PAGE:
Inside a Modern Art-Filled East Hampton Home
Collaboration is sometimes a loaded idea when if comes to creating a home—especially in the Hamptons. But for Randy Slifka, collaboration was the key to success.
Slifka’s East Hampton abode started out as the carriage house to his late father’s property across the way. “I struggled with the carriage house for almost a decade,” notes Slifka, “because of problems with the concrete slab and the deteriorating condition of the house as a whole.” After interviewing prominent architects such as Robert A. M. Stern and Lee Mindel, Slifka asked architect Andrew Pollock, a childhood friend, to help him build his dream house, where he now lives with his son, Joshua, his wife, Jan, and dogs Lucifer and Kawaii. Their concept incorporated a traditional cedar-shake gambrel exterior that reflects the character of the neighborhood, along with a modern interior that merges outdoors and indoors, while doubling as a showcase for Slifka’s extensive collection of contemporary art.
“Virtually every element was chosen by me,” says Slifka, an asset manager. “I’ve been to 25 or so stone yards; each bathroom has very specific stone and a Venetian plaster that complements it.” Built with art conservation and security in mind, the detail-rich structure includes light wells in the living room and kitchen that bring an evanescent light into the center of the house; generous wall space allows room for numerous video art installations. Other artworks include polished metal rock sculptures by Arik Levy, which double as side tables in the sitting room, a dazzling entry-hall mobile by Pae White, and a sculpted Brazilian hardwood bar from Tucker Robbins. “I know it’s a cliché,” Slifka remarks, “but God is in the details—whether it’s in the hardware, the patina of the wood, the feel of the fabric, or the outside light fixtures. I’ve given every element attention and thought.”
Slifka traces his interest in contemporary art to his grandparents, who were advised on their collection by William Rubin, the former paintings and sculpture curator of the Museum of Modern Art. His first art purchase was a Warhol portrait of himself; recent acquisitions include pieces by Ryan Sullivan, Paul McCarthy, Rashid Johnson, and Laura Owens. “I really believe it is important to support younger artists,” says Slifka. “I’m constantly thinking about how art being made today fits into the history of art overall. I collect what I find compelling and provocative—it has to touch my mind, heart, and soul. One of the great pleasures of building a home is curating what’s inside it. I could never imagine handing over the palette to an interior designer.”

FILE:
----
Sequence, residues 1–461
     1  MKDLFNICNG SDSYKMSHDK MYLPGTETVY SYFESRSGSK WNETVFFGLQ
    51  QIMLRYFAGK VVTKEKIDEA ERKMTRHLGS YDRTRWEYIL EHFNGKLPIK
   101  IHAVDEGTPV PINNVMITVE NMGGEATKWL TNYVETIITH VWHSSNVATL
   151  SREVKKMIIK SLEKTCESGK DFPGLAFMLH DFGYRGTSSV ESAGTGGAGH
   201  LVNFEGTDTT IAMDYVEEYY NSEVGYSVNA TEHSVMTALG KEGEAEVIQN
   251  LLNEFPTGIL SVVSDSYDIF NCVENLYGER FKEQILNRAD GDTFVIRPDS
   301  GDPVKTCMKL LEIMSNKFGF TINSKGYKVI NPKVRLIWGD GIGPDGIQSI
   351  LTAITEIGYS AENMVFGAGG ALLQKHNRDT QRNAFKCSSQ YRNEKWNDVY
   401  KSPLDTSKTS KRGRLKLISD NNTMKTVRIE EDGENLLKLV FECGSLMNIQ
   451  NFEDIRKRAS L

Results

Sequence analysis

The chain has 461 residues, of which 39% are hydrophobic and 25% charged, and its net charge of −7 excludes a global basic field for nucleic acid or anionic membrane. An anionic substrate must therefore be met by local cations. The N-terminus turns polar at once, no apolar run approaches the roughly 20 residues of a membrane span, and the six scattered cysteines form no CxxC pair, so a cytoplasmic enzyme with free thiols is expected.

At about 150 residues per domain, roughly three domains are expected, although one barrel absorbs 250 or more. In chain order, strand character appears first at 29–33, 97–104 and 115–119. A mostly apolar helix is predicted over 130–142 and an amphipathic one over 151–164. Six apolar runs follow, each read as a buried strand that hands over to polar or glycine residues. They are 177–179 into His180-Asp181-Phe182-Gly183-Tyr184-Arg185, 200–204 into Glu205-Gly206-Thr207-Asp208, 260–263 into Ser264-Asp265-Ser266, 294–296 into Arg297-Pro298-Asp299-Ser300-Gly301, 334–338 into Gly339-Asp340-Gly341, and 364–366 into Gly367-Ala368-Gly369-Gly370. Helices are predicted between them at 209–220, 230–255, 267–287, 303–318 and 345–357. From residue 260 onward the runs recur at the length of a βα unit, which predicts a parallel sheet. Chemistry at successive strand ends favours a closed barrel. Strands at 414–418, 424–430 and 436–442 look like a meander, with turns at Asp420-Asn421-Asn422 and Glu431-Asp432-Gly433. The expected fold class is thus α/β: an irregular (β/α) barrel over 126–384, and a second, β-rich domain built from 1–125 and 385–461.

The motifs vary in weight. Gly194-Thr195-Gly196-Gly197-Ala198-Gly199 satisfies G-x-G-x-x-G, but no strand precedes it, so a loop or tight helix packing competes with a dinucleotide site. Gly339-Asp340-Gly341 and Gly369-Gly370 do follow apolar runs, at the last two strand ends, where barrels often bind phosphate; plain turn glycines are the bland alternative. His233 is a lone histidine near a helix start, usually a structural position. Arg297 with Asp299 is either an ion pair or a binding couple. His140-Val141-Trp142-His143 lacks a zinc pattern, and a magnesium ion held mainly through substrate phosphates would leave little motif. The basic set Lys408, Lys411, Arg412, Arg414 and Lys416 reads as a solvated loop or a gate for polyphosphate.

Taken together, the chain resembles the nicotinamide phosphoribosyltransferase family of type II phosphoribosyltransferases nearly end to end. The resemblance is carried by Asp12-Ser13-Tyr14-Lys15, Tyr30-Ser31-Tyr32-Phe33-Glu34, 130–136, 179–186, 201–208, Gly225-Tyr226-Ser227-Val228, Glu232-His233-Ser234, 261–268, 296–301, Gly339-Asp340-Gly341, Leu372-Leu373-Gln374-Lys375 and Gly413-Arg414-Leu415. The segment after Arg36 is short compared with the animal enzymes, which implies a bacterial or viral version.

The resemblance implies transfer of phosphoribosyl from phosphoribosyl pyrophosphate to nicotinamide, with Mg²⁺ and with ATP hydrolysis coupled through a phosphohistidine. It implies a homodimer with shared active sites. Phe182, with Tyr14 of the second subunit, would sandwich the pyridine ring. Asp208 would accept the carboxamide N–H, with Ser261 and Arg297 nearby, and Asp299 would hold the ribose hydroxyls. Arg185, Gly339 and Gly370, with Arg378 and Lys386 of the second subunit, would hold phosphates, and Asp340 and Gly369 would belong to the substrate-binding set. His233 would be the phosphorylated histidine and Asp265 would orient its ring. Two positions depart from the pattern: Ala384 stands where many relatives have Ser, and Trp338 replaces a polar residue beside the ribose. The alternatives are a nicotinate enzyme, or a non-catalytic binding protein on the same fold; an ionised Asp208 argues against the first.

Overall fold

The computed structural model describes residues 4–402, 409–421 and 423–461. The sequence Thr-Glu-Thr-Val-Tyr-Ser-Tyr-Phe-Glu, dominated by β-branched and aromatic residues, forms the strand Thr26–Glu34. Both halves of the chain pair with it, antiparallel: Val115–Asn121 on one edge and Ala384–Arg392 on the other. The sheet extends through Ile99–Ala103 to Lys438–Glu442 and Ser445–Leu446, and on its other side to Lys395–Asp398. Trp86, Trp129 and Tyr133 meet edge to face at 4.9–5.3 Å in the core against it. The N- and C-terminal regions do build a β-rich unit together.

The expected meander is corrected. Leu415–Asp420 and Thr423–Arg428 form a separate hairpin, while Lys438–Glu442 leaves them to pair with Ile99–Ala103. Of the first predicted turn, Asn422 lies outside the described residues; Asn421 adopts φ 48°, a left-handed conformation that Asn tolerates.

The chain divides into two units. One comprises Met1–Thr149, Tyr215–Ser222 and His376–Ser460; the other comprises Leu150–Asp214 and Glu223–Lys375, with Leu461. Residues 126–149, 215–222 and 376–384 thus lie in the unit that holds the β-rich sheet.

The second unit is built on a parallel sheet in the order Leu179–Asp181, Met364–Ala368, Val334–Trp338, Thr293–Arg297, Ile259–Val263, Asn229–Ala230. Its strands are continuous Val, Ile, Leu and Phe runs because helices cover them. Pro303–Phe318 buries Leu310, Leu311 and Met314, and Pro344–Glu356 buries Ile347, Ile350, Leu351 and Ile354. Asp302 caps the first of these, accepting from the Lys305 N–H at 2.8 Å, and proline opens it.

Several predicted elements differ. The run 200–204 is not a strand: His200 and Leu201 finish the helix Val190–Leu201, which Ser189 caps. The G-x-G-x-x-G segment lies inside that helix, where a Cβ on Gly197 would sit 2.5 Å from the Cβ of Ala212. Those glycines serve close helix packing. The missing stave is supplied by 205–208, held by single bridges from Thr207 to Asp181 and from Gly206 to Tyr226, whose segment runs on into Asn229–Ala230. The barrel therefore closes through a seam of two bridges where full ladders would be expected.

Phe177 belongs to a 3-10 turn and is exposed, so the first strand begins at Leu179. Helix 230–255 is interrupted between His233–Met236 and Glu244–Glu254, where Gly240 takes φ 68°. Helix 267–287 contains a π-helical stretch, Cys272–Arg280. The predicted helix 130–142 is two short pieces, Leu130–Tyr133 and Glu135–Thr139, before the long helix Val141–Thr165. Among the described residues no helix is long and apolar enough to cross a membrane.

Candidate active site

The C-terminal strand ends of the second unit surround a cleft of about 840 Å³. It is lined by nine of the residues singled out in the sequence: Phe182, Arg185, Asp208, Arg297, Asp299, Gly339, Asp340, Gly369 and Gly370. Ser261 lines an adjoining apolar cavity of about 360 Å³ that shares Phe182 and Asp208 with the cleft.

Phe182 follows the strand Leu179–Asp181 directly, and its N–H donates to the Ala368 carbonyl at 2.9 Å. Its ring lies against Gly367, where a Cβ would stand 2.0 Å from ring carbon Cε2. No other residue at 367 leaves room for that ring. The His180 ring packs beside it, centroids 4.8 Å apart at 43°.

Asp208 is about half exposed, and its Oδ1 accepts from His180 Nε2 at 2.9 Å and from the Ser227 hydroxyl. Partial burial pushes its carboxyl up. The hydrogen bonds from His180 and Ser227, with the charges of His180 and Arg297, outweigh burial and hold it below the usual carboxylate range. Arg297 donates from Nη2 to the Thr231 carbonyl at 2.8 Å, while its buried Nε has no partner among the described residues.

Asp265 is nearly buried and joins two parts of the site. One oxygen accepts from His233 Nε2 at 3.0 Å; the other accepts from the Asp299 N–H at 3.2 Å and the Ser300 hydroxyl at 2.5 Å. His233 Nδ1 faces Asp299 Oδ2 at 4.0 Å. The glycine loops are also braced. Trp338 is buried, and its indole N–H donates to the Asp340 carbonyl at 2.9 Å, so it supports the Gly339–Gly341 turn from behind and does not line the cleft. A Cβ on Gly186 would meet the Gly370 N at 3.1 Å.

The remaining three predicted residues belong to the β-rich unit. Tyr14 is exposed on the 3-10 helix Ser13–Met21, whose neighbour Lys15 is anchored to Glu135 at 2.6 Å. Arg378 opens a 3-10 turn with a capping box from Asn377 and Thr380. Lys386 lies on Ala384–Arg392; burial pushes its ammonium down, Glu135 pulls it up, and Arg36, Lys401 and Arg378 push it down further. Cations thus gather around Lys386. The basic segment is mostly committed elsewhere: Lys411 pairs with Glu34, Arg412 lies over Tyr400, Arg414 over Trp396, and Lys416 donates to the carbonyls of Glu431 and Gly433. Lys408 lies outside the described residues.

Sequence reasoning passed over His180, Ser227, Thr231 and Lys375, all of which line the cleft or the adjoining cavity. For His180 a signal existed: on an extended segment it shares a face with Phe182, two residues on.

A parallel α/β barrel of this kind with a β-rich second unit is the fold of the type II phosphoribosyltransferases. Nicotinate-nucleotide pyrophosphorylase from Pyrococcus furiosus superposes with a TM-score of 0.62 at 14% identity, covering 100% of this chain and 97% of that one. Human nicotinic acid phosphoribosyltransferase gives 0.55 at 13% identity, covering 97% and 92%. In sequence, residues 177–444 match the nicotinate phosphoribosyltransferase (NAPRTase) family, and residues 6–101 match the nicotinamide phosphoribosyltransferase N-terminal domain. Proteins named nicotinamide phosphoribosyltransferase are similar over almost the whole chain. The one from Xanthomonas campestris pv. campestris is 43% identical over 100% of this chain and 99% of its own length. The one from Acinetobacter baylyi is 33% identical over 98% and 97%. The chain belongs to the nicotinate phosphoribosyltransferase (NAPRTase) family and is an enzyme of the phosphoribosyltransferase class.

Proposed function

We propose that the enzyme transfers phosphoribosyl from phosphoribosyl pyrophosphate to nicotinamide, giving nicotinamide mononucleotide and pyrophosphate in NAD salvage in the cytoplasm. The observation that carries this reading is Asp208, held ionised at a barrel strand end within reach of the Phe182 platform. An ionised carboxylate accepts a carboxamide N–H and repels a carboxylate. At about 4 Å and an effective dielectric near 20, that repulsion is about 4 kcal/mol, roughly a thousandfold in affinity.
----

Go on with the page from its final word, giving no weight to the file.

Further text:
Slifka is equally passionate about the local environment and his garden. More than 20 years ago, thanks to a generous gift from his aunt, he began working with Eric Groft and the late James van Sweden of Oehme van Sweden Landscape Architects to transform the property’s pool garden. “We set out the borders for Randy, knowing that he would then add his own layers to it,” explains Groft. “He’s more of a colorist than I am, and he is willing to make the glorious ‘mistake,’ which is so important in gardening: A plant might die, or you might come out with a winner!” Over the years Slifka has continued this relationship with Groft and is a devoted gardener himself, adding and editing as he sees fit.
With a Groft-devised master plan that separates public and private spaces, the oddly shaped two-acre lot accommodates a host of discrete garden “rooms.” Between the house and garage, along a bluestone path planted with mazus, Slifka “has added an extravagant dahlia garden that is very successful,” Groft says. The lotus pond that practically laps at the edge of the house was planned simultaneously with the architecture of the new house so that they would appear seamlessly integrated. Slifka’s long-standing interest in Asian gardens probably explains the spirit bridge, though he is quick to point out that “it was 100 percent Eric’s idea and brilliance.” And Jan, a certified yoga instructor, often practices outdoors on a platform surrounded by massive Petasites.
“The natural beauty and the spirit of the Hamptons is really what attracts me to this area,” says Slifka, “not the glitz. It’s the inherent natural elements that are wonderful, and it’s nice in my own small way to be able to add to that beauty.”
A version of this article appeared in the August 1 2013 issue of HC&G (Hamptons Cottages & Gardens) with the headline: Randy's Retreat.